Sources told the Times that Google, Yahoo, Apple, and Genentech received requests from the Justice Department for documents and other information as part of this inquiry; the story notes that receiving these letters does not mean that they are targets of the investigation. The Wall Street Journal says Microsoft and Intel were also contacted. The Justice Department has so far declined comment, but the Journal says Google and Genentech representatives confirmed receiving Justice Department letters.
Hiring technical talent from other companies is a common, continuing practice in the IT and biotech industries. The technology blog Tech Crunch routinely chronicles the staffing raids of one company against another in Silicon Valley. Our own Tooling Up columnist Dave Jensen encourages joining industry committees as a way of networking to discover new opportunities and get yourself better known in your industry.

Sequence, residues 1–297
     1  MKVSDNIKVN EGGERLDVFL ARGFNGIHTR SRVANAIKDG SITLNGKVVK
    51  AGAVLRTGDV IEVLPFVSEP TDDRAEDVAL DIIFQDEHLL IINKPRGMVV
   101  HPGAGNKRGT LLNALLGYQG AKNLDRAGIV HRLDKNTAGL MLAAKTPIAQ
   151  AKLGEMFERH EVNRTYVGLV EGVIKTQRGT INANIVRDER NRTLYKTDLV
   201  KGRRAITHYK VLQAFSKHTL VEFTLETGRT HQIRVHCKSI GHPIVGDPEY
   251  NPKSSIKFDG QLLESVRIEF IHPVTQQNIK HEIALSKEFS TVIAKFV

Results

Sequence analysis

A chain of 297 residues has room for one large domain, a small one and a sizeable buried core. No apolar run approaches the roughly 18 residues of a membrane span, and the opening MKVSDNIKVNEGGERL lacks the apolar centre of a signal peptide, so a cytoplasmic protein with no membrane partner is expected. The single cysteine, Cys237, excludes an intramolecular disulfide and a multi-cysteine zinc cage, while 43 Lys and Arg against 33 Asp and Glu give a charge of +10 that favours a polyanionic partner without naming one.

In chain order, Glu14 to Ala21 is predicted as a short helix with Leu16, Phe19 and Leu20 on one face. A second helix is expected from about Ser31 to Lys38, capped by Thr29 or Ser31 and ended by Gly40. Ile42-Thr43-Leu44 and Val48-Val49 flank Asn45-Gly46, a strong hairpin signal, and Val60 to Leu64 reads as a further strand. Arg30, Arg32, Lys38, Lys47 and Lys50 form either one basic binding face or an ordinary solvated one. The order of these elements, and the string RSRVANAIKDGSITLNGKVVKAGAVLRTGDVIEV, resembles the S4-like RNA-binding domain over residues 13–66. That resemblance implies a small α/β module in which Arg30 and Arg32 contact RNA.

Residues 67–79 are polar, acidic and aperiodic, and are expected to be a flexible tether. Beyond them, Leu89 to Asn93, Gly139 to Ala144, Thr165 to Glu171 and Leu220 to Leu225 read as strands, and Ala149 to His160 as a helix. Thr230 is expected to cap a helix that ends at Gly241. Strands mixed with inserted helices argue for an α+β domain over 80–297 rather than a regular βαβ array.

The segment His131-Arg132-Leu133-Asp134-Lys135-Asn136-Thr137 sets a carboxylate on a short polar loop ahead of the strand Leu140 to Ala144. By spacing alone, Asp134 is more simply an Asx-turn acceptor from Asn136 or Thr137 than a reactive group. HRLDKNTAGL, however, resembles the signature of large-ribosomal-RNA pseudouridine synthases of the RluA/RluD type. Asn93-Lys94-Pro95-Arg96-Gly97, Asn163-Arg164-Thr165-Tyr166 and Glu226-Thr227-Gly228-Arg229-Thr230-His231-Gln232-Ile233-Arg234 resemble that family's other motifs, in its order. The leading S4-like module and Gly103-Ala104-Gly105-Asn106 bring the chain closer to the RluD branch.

But a follow-up story in the Times notes that unwritten rules sometimes interrupt this free-for-all. The story quotes former HR managers and contract recruiters who say some companies have hands-off lists when it comes to recruiting, lists that usually include corporate partners and collaborators.
Apparently, there is case law backing up the application of antitrust statutes to hiring practices. In 2001, a federal appeals court ruled in favor of geologists and petroleum engineers who sued Exxon and other oil companies for colluding in hiring decisions that led to suppressed wages. The judge writing the decision: Justice Sonia Sotomayor, President Obama's nominee for the Supreme Court.
Hat tip: John Travis, Science magazine